11/03/2015 8:18 AM IST | Updated 15/07/2016 8:25 AM IST

Don't Ban The Documentary, Ban Misogyny

Hindustan Times via Getty Images
NEW DELHI, INDIA - DECEMBER 16: People lit candles and held solidarity marches in remembrance of the horrific December 16 Delhi gang-rape that shook the nation at the munirka bus stand where she boarded that bus on the second anniversary on December 16, 2014 in New Delhi, India. On December 16, 2012, a 23-year-old physiotherapy student was brutally gang raped and by six men, including a juvenile, in a bus. (Photo by Sanjeev Verma/Hindustan Times via Getty Images)

India's Daughter is an extremely difficult documentary film to sit through. It was heart-wrenching to hear the parents of the 23-year-old victim speak of her aspirations and how they themselves had pushed traditional boundaries to help her realise her dreams. They educated their daughter and gave her the same opportunities as her brother.

But minutes later, you hear the accused Mukesh Singh say that she deserved to be raped because "decent" girls don't go out at night. This is not an uncommon view. He used phrases that we have heard our politicians use so many times before this. Why is the entire country so surprised to hear this man blame the woman for rape, when our so-called educated politicians and religious leaders do the same? How are we expected to sleep peacefully at night if those we respect echo the ideas of rapists?

"While the documentary may offend us as Indians, I think it is important to feel the shame today. "

This documentary seems to have stoked some resentment because a British citizen made it. The film makes us uncomfortable, not only because it highlights the attitudes that condemn many women to the status of lesser individuals every day, but also because an outsider has shown us the mirror. If an Indian had made this documentary, it would be a member of the in-group pointing at a social evil in our society. While I realise that it's important to look at the content of the documentary and not the nationality of the director, I'd have preferred to listen to an Indian journalist shed light on this issue.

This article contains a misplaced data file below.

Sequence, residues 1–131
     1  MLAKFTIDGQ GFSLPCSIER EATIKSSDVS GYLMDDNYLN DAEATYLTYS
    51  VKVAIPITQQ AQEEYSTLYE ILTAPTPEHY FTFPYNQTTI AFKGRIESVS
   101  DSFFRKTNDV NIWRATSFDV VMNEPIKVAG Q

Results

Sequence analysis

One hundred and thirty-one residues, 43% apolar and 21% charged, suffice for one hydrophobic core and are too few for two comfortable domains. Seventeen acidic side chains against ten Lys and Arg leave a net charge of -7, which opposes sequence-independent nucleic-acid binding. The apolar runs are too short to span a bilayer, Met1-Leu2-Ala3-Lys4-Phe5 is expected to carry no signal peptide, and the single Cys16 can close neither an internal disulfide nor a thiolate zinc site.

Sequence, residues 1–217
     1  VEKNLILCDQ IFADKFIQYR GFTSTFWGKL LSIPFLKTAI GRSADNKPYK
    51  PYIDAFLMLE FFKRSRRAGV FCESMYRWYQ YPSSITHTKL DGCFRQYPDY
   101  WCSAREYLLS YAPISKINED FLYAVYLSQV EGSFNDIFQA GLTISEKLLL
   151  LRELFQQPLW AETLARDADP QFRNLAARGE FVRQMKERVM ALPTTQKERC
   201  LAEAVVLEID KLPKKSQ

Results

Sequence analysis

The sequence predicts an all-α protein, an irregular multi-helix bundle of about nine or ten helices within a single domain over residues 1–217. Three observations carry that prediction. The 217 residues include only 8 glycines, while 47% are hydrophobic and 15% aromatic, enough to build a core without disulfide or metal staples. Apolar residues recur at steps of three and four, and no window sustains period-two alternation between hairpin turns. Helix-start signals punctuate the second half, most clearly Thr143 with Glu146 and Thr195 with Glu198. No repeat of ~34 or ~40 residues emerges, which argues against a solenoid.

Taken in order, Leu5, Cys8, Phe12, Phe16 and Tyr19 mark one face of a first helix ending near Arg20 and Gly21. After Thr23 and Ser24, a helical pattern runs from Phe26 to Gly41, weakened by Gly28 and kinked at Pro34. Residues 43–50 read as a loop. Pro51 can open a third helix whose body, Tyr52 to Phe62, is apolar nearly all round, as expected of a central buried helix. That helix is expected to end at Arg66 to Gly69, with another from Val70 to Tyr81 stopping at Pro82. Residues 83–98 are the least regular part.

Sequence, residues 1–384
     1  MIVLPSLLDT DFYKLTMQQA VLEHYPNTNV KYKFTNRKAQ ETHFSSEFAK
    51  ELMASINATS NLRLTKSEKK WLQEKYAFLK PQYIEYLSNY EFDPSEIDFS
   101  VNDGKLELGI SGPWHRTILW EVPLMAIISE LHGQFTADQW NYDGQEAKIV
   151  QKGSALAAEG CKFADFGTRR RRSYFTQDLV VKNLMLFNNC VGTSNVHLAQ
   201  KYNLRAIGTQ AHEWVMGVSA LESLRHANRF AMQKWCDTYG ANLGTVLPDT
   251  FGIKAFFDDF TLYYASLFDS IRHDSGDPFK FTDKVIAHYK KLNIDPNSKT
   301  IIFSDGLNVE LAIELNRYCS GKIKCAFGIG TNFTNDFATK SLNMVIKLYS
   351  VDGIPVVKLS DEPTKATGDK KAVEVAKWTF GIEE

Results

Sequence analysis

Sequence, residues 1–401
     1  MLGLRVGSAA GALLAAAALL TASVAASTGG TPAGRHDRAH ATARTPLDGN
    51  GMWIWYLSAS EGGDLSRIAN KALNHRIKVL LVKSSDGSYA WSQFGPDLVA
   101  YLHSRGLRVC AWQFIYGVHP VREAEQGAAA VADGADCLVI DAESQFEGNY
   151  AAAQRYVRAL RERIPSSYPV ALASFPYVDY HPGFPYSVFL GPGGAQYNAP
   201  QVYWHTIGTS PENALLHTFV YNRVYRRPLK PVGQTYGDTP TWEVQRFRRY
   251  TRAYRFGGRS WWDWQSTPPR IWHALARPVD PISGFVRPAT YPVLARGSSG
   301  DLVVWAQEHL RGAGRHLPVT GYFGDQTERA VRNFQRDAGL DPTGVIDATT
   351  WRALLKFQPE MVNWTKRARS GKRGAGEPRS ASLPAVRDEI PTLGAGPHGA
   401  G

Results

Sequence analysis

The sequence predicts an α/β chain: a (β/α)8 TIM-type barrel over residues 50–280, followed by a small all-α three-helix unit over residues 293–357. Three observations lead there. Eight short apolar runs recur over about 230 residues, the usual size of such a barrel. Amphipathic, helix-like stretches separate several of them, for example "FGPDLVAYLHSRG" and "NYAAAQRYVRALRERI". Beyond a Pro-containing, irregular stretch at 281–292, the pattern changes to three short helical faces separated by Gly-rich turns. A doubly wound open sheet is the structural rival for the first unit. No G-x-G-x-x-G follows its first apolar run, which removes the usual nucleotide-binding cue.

While the documentary may offend us as Indians, I think it is important to feel the shame today. We, as a society, seem to forget very easily. When this woman was raped and died battling for her life two years ago, we all took to the streets and spoke of a need for a change. Within a few days, we forgot that we needed to keep fighting for the cause because our politicians would inevitably turn a blind eye to it. Even after two years of this heinous crime being committed, Delhi is just as unsafe.

I think the title of the documentary can be problematic. The creators of the documentary call her "India's Daughter". They portray India to be proud of this woman who dared to dream of becoming a doctor and who continued to fight for her life even after being subjected to the most heinous crime. We also need to be ashamed of being a society that breeds men like Mukesh Singh. The words spoken by him are frightening, but listening to his defence lawyers justifying this act is beyond degrading. We should be ashamed in calling ourselves the superpowers of tomorrow, if we have educated people openly speak like our rapists. These men claim that they will burn their sisters and daughters if they cross social codes. The defence lawyers in this case claim that we have the best culture -- a culture where there is no place for a woman. If we want to ban something, let's ban men like this, not the documentary film.

The government banning this film proves how weak our state is. By going to the courts, the Indian government is turning a blind eye to this woman and the many women who have been subjected to this kind of discrimination. It reflects the government's lack of desire to work toward lasting changes.

"If there is anything that we should consider banning, it should be the live telecast of our parliamentarians debating rape in a regressive, patriarchal language."

We take pride in being a democracy, but hide behind a ban when a documentary really highlights a condemnable social plague that we have just accepted to be a part of our lives. The ministry should be condemned for the ban and this decision of the government should be discussed across the globe. Even after we heard Mukesh Singh speak on camera shamelessly blaming the woman for rape, why can't we capitally punish men like him? If he can speak like this from behind bars, imagine the things he'd say if he were free. Let's remind ourselves that the juvenile in this case will be released this December. It's been two years, but nothing has changed.

The appeal has been pending in the Supreme Court for a year. There has been no hearing since August last year. Why does it take our government more than two years to take real action against the perpetrators? We need to stop shying away from our shortcomings as a society. The first step in doing this is the government lifting the ban on the movie.

We live in a society where hypocrisy is rampant. Hindus worship goddesses, yet women and girls are raped and killed both inside the womb and as they walk the streets. Yet, the government seems to care more about the holy cows on our street, and not the women of our country.

Instead of focusing on India's Daughter as sensationalising the condition of women in India, let's realise that it is a reflection of the rape culture in our country. Instead of thinking of this as a time when we're vulnerable to criticism by the West, let's use this documentary to force our politicians to take action. If there is anything that we should consider banning, it should be the live telecast of our parliamentarians debating rape in a regressive, patriarchal language.

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